In conclusion, higher prenatal androgen levels (indicated by two independent markers) are associated with more compulsive pornography use. A more compulsive use in turn is associated with less erectile function and low ejaculatory control in young men. In addition, less erectile function was associated with a higher pubertal onset age, which may indicate higher prenatal androgen levels. Thus, the etiology of erectile dysfunction and its sharp rise in prevalence within the last decade might involve an interaction of a prenatal predisposition to develop sexual online compulsivity and/or erectile dysfunction and increased availability of pornographic content. Future studies are encouraged to disentangle the relative contribution of these factors and further the understanding of this behavioral addiction and related sexual problems. These insights could help to develop prevention programs, targeting either subjects at risk to develop this addiction or mothers whose prenatal testosterone levels are high.

Data Availability Statement

The datasets generated for this study are available on request to the corresponding author.

Ethics Statement

The studies involving human participants were reviewed and approved by Ethics Committee for Clinical Research of Lausanne University Medical School (Protocol No. 15/07). The patients/participants provided their written informed consent to participate in this study.

Members of the Cohort Study on Substance Use Risk Factors

Gerhard Gmel: Addiction Medicine, Lausanne University Hospital CHUV, University of Lausanne, Lausanne, Switzerland; Addiction Switzerland, Lausanne, Switzerland; Centre for Addiction and Mental Health, Toronto, ON, Canada; University of the West of England, Frenchay Campus, Bristol, United Kingdom (Gerhard.Gmel@chuv.ch). Meichun Mohler-Kuo: La Source, School of Nursing Sciences, HES-SO University of Applied Sciences and Arts of Western Switzerland, Lausanne, Switzerland (m.mohler-kuo@ecolelasource.ch). Simon Foster: Institut für Epidemiologie, Biostatistik und Prävention, Hirschengraben, Zürich, Switzerland (simon.foster@kjpd.uzh.ch). Simon Marmet: Addiction Medicine, Lausanne University Hospital CHUV, University of Lausanne, Lausanne, Switzerland (simon.marmet@chuv.ch). Joseph Studer: Addiction Medicine, Lausanne University Hospital CHUV, University of Lausanne, Lausanne, Switzerland (Joseph.Studer@chuv.ch).

Author Contributions

VB and BL conceived and designed the research, analyzed the data, and wrote the manuscript. GG, MM, SM, SF, and JS performed the experiments. CM and JK commented on the manuscript and provided the intellectual input. All authors contributed to the article and approved the submitted version.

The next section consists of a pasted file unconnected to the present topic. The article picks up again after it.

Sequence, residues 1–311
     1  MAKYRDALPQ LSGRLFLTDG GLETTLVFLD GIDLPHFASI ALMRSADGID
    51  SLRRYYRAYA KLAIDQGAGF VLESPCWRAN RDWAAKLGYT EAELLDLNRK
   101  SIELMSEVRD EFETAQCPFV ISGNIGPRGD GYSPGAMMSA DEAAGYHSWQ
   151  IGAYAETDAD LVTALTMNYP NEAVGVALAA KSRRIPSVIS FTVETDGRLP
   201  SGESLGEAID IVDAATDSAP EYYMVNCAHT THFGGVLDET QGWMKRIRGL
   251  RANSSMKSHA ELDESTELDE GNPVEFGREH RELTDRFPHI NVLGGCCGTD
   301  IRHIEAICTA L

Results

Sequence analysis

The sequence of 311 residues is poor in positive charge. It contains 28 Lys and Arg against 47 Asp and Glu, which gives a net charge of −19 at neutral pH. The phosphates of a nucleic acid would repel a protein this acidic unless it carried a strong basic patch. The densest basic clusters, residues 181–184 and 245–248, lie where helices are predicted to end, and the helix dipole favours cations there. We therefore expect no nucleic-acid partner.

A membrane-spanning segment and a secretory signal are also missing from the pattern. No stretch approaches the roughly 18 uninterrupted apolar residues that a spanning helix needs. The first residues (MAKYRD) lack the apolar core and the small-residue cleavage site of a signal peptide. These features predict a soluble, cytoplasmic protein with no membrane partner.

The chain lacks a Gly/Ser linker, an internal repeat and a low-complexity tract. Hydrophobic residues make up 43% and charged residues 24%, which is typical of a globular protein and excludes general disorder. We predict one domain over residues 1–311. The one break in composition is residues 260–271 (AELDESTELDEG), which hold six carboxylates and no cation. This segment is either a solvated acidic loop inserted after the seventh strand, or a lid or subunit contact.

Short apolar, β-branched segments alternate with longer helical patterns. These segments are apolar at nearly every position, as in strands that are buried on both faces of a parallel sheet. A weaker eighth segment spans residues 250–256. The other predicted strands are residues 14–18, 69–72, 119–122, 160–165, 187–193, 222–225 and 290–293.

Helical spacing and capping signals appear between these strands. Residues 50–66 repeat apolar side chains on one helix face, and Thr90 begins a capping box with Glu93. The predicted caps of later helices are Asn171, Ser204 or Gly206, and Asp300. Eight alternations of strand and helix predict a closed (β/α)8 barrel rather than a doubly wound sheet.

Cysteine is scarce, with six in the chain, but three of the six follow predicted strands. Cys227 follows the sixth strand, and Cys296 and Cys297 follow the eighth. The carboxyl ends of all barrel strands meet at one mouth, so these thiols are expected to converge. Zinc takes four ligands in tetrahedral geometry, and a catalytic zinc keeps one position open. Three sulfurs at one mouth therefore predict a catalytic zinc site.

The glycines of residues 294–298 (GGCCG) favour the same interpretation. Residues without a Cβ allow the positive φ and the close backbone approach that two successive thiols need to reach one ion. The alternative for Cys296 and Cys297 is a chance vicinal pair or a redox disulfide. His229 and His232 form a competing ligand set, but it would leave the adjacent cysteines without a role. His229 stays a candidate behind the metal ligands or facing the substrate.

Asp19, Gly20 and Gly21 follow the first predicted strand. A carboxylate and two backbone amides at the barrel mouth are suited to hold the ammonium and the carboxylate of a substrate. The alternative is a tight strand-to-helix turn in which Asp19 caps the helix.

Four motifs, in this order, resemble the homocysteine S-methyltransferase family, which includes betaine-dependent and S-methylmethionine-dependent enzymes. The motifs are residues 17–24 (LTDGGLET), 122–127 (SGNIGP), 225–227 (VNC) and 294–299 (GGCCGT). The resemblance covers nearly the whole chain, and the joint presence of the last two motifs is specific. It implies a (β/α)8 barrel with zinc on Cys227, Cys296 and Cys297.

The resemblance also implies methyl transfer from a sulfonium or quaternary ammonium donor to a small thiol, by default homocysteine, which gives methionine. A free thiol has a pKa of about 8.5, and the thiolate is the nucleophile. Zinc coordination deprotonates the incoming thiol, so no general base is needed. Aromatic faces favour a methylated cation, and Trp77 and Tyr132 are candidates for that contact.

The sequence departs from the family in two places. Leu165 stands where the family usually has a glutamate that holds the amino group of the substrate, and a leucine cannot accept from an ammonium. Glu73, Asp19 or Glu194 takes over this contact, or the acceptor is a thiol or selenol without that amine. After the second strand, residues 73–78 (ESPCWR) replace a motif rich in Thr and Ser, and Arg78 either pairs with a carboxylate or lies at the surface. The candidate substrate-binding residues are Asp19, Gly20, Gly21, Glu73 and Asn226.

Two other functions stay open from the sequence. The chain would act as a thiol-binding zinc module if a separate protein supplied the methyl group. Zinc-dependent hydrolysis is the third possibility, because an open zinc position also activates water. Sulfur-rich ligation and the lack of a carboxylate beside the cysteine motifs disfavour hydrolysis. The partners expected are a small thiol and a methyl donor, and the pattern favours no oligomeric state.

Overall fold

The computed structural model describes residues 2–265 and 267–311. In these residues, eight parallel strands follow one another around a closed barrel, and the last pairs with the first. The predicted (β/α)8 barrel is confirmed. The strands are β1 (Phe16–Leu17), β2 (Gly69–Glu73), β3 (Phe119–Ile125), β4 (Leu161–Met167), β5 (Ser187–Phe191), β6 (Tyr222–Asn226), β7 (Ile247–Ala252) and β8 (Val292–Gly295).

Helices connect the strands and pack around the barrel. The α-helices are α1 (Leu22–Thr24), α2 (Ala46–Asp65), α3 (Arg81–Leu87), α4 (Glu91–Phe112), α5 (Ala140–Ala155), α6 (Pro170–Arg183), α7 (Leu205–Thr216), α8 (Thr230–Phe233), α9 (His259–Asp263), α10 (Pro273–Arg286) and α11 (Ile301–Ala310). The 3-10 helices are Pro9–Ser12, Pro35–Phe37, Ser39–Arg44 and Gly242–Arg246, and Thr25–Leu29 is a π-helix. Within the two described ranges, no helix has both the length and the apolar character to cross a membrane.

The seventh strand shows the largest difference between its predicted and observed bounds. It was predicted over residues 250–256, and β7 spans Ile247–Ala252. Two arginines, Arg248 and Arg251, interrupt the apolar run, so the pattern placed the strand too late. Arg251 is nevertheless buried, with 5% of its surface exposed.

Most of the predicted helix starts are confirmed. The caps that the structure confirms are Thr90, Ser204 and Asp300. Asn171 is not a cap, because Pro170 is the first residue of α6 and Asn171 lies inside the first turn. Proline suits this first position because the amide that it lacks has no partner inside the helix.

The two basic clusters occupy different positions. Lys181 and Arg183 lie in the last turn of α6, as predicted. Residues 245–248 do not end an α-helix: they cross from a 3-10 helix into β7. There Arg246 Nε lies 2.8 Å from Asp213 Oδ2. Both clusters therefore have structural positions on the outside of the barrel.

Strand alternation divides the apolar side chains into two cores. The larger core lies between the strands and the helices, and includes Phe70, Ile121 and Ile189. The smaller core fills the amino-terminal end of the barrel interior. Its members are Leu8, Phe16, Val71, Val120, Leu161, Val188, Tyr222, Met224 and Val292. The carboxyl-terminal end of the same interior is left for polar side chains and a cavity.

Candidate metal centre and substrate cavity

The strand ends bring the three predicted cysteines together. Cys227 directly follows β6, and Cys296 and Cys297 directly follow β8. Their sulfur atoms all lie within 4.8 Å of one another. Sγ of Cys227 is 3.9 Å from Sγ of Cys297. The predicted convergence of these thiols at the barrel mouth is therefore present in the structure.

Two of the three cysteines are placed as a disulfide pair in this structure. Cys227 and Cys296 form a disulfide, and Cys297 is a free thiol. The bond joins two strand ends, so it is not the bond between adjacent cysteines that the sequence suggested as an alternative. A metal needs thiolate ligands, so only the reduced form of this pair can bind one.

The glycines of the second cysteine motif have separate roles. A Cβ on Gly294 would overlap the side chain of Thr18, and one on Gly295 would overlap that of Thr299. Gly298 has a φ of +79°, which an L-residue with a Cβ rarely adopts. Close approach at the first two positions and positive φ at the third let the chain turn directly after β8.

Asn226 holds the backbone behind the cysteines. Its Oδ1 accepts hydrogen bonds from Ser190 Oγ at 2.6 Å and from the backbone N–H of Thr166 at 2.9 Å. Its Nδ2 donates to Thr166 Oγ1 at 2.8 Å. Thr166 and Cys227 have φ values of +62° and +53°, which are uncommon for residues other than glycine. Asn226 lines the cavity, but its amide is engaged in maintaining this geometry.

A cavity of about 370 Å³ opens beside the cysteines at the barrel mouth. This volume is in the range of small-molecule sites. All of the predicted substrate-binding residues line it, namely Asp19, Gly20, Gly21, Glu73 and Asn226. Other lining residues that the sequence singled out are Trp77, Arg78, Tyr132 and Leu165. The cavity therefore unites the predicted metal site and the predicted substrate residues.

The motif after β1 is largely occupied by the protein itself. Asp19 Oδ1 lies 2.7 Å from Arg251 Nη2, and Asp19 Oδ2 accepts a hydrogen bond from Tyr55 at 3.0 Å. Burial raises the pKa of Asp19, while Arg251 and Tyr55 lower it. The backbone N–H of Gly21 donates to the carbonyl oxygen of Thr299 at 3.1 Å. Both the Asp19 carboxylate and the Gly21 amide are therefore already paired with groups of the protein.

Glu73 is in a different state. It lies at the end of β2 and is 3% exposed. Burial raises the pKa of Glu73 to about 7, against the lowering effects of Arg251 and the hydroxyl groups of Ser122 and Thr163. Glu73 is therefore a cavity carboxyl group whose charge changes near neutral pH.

Funding

The third C-SURF survey was funded by the Swiss National Science Foundation (Grant no. FN 33CS30_148493). This scientific research was also promoted by the STAEDTLER Foundation, the German Federal Ministry of Education and Research (IMAC-Mind project: Improving Mental Health and Reducing Addiction in Childhood and Adolescence through Mindfulness: Mechanisms, Prevention, and Treatment; 2018-2022; 01GL1745C), and the Deutsche Forschungsgemeinschaft (DFG, German Research Foundation)—Project ID 402170461-TRR265 (75). CM is an associated fellow of the research training group 2162 funded by the DFG-270949263/GRK2162.

Conflict of Interest

The authors declare that the research was conducted in the absence of any commercial or financial relationships that could be construed as a potential conflict of interest.

The handling editor declared a shared affiliation with one of the authors GG at time of review.

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Keywords: prenatal androgen load, 2D:4D, digit ratio, spermarche, pornography addiction, premature ejaculation, erectile function, behavioral addiction

Citation: Buchholz VN, Mühle C, Cohort Study on Substance Use Risk Factors, Kornhuber J and Lenz B (2021) Markers of Prenatal Androgen Exposure Correlate With Online Sexual Compulsivity and Erectile Function in Young Men. Front. Psychiatry 12:517411. doi: 10.3389/fpsyt.2021.517411

Received: 04 December 2019; Accepted: 08 February 2021;
Published: 06 April 2021.

Edited by:

Yasser Khazaal, University of Lausanne, Switzerland

Reviewed by:

Deena Marie Walker, Oregon Health and Science University, United States
Louise Penzenstadler, Geneva University Hospitals (HUG), Switzerland

Copyright © 2021 Buchholz, Mühle, Cohort Study on Substance Use Risk Factors, Kornhuber and Lenz. This is an open-access article distributed under the terms of the Creative Commons Attribution License (CC BY). The use, distribution or reproduction in other forums is permitted, provided the original author(s) and the copyright owner(s) are credited and that the original publication in this journal is cited, in accordance with accepted academic practice. No use, distribution or reproduction is permitted which does not comply with these terms.

*Correspondence: Verena N. Buchholz, VerenaNadine.Buchholz@uk-erlangen.de

ORCID: Verena N. Buchholz orcid.org/0000-0001-6607-8490
Christiane Mühle orcid.org/0000-0001-7517-9154
Johannes Kornhuber orcid.org/0000-0002-8096-3987
Bernd Lenz orcid.org/0000-0001-6086-0924